We had an interesting discussion here the other day about which subset of products normally covered in PC Magazine should be considered appropriate for use by small businesses. This is one of those questions that can have no certain answer, but talking about it makes you realize just how diverse the needs of a small business are, and how big the demand on you is for business and technical skills.
Some things are easy: For example, nearly all desktop productivity products are suitable for small businesses. And of course, just about any business-grade PC or laptop is a must-have. For that matter, a good number of so-called consumer PCs will do the job just as well.
Once you get beyond those necessities, what you quickly see is that the categories of products that a small business needs are much the same as for any other business. These include accounting and finance software, networking hardware, e-mail servers, security products, and so on.
The differences lie in the scale of the required products, their cost, and in how those products are deployed. For example, an e-mail server comes in any number of sizes, including products that are almost consumer-like. It can also take the form of a full-blown Microsoft Exchange server, though you can also get Exchange as part of Microsoft’s Small Business Server or buy it packaged as an appliance from Azaleos.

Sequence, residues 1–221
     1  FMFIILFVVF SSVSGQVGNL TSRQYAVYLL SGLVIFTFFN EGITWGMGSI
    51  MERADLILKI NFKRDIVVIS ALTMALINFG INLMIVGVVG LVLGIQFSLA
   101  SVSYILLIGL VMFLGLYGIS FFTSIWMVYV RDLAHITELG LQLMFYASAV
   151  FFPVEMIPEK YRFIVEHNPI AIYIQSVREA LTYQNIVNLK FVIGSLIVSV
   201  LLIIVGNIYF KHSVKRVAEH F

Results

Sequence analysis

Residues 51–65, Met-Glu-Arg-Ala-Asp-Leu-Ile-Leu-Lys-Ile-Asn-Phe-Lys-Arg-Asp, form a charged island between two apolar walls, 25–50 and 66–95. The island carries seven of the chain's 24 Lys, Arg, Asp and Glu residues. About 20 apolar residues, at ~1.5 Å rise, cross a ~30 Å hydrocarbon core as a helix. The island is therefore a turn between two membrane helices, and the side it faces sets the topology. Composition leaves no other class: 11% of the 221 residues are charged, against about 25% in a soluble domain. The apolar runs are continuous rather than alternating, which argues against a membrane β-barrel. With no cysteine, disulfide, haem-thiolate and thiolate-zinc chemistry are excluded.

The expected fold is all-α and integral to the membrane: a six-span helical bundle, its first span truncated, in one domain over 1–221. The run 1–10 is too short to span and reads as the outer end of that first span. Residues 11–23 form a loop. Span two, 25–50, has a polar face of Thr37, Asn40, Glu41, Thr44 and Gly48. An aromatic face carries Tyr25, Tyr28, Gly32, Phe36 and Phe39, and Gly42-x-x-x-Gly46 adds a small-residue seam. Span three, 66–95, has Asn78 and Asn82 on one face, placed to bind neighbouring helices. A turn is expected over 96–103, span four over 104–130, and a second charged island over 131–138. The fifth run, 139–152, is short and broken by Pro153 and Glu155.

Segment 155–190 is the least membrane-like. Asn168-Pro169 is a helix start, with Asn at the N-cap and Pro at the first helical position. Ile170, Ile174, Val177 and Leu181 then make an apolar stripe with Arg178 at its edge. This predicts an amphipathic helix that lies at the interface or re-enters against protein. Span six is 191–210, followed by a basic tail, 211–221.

However, you might prefer to get your e-mail and other collaboration services from a service provider that offers them. Some services offer products that are so like Exchange that you can’t tell the difference. Maybe that doesn’t even matter to you — you just need an efficient e-mail system.
Besides the size and the cost of products, you also need to consider your business and technical styles. Some of you may enjoy having complete control over many of your systems and products, while others are more concerned with the business side of your business and don’t want to spend much time controlling e-mail policy or unauthorized Web use. And those style needs may vary from category to category.
The bottom line is that there isn’t much in the way of software and hardware capabilities you don’t need in your small business. Your size shouldn’t constrain you from taking advantage of technology, because so many options exist to help you fulfill those needs. Take advantage of the ones that are right for your business.